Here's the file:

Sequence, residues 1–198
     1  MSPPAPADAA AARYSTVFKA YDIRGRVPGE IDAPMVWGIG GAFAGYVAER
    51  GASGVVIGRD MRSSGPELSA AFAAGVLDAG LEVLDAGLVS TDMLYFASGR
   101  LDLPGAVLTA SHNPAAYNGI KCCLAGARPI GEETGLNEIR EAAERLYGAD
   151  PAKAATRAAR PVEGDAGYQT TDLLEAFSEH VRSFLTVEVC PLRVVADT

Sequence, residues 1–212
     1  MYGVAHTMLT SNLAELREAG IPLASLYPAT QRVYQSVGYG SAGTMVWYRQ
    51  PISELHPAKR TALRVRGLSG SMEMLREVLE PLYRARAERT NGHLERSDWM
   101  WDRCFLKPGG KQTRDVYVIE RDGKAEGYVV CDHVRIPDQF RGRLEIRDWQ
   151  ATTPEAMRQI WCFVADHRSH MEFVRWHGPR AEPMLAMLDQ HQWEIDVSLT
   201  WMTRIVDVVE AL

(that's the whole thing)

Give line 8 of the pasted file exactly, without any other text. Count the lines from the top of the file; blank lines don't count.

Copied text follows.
    51  PISELHPAKR TALRVRGLSG SMEMLREVLE PLYRARAERT NGHLERSDWM